Why Mr. Bertrand Russell is Not a Christian
. Itseems that the reasons are not those which I thought they were. He says in one sentence:"The main reason why he is not a Christian is that he simply does not know what religionis." One might say that Mr. Wood is not an Agnostic because he does not know whatAgnosticism is. After all, I had all the benefits of a Christian education, and he did nothave the benefits of an Agnostic education; so that possibly the argument might beconsidered two-edged. Nevertheless, I commend the book to your attention, and you willthen know why it is that I am not a Christian.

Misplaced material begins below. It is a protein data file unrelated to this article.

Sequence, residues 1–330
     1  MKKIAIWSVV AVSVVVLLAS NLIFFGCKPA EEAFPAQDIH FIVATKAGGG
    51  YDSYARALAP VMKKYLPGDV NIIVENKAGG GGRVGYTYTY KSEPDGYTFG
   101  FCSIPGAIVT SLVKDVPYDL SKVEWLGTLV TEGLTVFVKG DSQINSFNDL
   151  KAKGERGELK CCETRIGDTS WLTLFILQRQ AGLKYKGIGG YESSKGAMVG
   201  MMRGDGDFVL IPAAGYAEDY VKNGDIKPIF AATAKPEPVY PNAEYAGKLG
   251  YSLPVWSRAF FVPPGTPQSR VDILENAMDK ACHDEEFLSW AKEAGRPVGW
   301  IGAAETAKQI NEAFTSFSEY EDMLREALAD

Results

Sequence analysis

There is a very large amount of Rationalist work required in the world. I think the battleis quite as fierce as ever it was. Take, for example America. America is a very importantcountry. What America thinks today the rest of the world will be forced to think tomorrow, and therefore what America thinks is important. There are some hopefulfeatures about America. I was recently on a boat going to America, and a minister of religion on the boat invited me to speak to his congregation about my views on religion. Isaid: "Yours must be a very broad-minded congregation"; and this minister of religion,somewhat to my surprise, replied: "Oh, of course, I do not believe in God." I met otherministers of religion in America who took the same line. That, I must say, somewhatsurprised me; but they are, I am afraid, rather a small minority, and the great bulk of Americans are still extremely theological. Moreover, we have to face the very seriousposition due to the growth of the Roman Catholic Church in America, because, as far as Ican see, the Roman Catholic Church is likely to dominate America in another fifty or ahundred years by the sheer increase of numbers, and not by rational propaganda. That is avery grave matter, and a matter which I think will affect the whole of the civilized worldvery much. Of course, you know that already in Boston, which was once the home of advanced Protestantism, the Roman Catholics rule the whole place; and there is acensorship upon literature more severe than in any other part of America. I expect youknow that in America men are still sent to prison for Atheism, not only in FundamentalistStates, but even in States of the East, and altogether there is in that part of the world anenormous need of propaganda on these matters. It is very important to all of us, becausethe Americans tend more and more to rule the world, and we shall find ourselves in avery difficult position unless we can more or less liberalize them -- a mission, I may say,in which I have done what I can, and my wife has also.We have to realize that the attitude of Rationalism, which I defined as that of notbelieving a proposition or causing others to believe it unless there is at least some reasonfor supposing it to be true, is by no means widespread. Take the matter of education,concerning which Professor Graham Wallas spoke. In most countries of the world a greatmany extremely dubious propositions are taught to the young with great emphasis, andthe young grow up accepting those extremely dubious propositions. If by any chance youattempt, as my wife and I are attempting at this moment, to bring up a small number of young people free from superstition, you find yourself in a very difficult situation. Youfind, of course, that the public money which goes to education will not be given to anyeducation that involves no element of superstition; you find that support is extremelydifficult to obtain; you find that altogether it is thought that, whatever grown men andwomen may be allowed to think, the young, at any rate, ought to believe a whole lot of absurdities, and that it is quite impossible for the young to attain the necessary minimumof virtues unless you produce an extremely large number of very bad arguments in favorof that virtue-arguments which, of course, they will see through as soon as they get a littleolder; but it is thought that what they do then when they see through them does not somuch matter. I cannot quite take that view. I think that any virtue that you may believe inshould be one that you can support from the very first without appealing to anything thatyou do not yourself believe. Education will have to be quite enormously transformed if that view is accepted. I believe that it is at present illegal in every country of the worldexcept Russia to teach children in the kind of way which skilled medical practitioners